Recipe for Disaster

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  • TEMPO.CO, JakartaFindings by Tempo from its investigation into garlic imports prove that the commodities import quota system should not be continued.

    THIS system provides loopholes for corruption and is a cash cow for rent-seekers. In the end, consumers and the public lose out. Under the quota system, commodity imports come under the control of a few people who can hoard goods and flood the market whenever they choose.

    This mistake began with a fundamentally flawed concept. In 2017, when Amran Sulaiman was minister of agriculture, the government proclaimed its support for self-sufficiency for all strategic crops, from sugar and garlic to soybeans. This unrealistic ideal would be realized through a counterproductive strategy: involving businesses as both importers and farmers.

    Since then, businesspeople have been urged to plant commodities, with the temptation of obtaining import quotas as long as domestic production is insufficient to meet the market’s demand. Every year, Indonesia needs on average 500,000 tons of garlic because local production only meets 4 percent of demand. Garlic is a subtropical plant that is difficult to grow in tropical Indonesia.

    Minister Amran has decreed that self-sufficiency must be achieved by 2021. For four years, importers will be obliged to plant 5 percent of the import quota that they request because productivity has been set at 6 tons per hectare. As they do not own land, importers have been allowed to work with farmers to plant garlic on the land that they own.

    Clearly this policy provides opportunities for abuses. Importers will not care whether the garlic that they plant grows or not because their motive is simply to obtain an import quota so they are able to maximize their profits. According to calculations by the People’s Coalition for Food Sovereignty, importers made a profit of Rp8.4 trillion from imports from China in 2018.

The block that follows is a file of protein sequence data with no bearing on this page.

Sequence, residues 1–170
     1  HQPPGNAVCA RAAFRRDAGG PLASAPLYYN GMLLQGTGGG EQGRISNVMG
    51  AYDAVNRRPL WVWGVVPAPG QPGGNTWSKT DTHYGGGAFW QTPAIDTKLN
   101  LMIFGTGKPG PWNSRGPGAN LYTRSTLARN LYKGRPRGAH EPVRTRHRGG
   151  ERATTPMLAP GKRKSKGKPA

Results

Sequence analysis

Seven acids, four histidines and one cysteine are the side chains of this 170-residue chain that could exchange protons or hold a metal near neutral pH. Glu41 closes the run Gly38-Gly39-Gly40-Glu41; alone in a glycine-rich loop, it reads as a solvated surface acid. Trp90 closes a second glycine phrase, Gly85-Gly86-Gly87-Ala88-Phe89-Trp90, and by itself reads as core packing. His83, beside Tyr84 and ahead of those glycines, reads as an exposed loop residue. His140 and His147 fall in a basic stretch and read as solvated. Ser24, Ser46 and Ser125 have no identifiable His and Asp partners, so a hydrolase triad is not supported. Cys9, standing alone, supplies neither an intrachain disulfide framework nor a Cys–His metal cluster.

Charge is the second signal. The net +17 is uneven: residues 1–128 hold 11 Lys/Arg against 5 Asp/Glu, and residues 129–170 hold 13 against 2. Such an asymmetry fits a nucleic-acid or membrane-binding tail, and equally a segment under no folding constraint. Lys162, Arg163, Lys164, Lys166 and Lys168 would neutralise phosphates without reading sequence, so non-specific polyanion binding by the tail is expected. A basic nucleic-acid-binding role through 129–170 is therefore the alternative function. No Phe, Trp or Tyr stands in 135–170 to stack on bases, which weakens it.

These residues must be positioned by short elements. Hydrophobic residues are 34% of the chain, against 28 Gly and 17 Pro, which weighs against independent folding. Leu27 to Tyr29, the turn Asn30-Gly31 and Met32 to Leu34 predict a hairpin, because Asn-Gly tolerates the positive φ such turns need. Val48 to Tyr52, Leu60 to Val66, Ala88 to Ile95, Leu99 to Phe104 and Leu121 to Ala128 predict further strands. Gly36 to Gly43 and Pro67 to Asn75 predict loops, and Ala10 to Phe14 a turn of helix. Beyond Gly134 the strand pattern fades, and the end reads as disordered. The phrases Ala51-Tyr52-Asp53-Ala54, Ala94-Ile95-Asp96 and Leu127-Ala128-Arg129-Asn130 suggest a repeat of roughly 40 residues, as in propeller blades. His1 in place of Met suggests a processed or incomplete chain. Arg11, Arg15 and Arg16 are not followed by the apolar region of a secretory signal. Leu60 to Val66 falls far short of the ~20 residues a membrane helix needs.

The calculation is simple. They buy garlic from China at Rp7,200 per kilogram, then sell it in Indonesia for Rp26,600 per kilogram. This huge margin is the minimum when domestic prices are normal. Their profits are much higher when prices increase as a result of shortages, such as happened at the beginning of January 2020, when the price of garlic reached Rp46,000 per kilogram.

    With an average margin of Rp20,000, businesses that are awarded a quota of 10,000 tons will make a profit of Rp200 billion. The temptation to make such huge profits opens the door to corruption. A number of importers have said that they were asked to pay bribes between Rp1,500 and Rp3,000 for each kilogram of garlic imported in order to obtain an import permit from the previous minister of trade, Enggartiasto Lukita.

    Even on the field, the obligation to plant crops has not gone well. According to the agriculture ministry, half of the importers, from a total of 75-80 companies per year, have failed to meet their obligations to plant garlic. The ministry has removed the companies that fail from the list of businesses that will receive quotas in the following year. However, companies are able to evade these consequences by changing the name of their businesses. Poor oversight means that these tactics are in practice undetectable.

    As a result, self-sufficiency in garlic has failed, but rent-seekers continue to reap the benefits. In a meeting with the House of Representatives on January 20 this year, garlic importers stated that they were unable to successfully cultivate the crop. As well as not having the experience of farming, garlic is not suited to Indonesia’s tropical climate.

    This should have made the government realize that self-sufficiency in commodities that are not suitable for Indonesia’s climate will only bring disasters. Determining imports using a quota system also brings no benefits because it leads to state capture corruption, graft that is a result of an obligation to follow the rules.

    The Indonesian government should not continue pursuing the illusion of self-sufficiency in commodities that cannot be grown in Indonesia. Imports are nothing to be ashamed of. As long as they are according to demand based on a healthy market mechanism, there should be no allergy to imports. Companies will work out for themselves how much they need to import in line with demand and the size of the market. The government simply needs to monitor these products so that they are safe for consumption.

    The government should focus its energies on cultivating the crops that our farmers can grow. There are many commodities that can be grown for export to the international market. Meanwhile, domestic demand for crops can be met by a combination of imports and domestic production.

    Read the Complete Story in this Week's Edition of Tempo English Magazine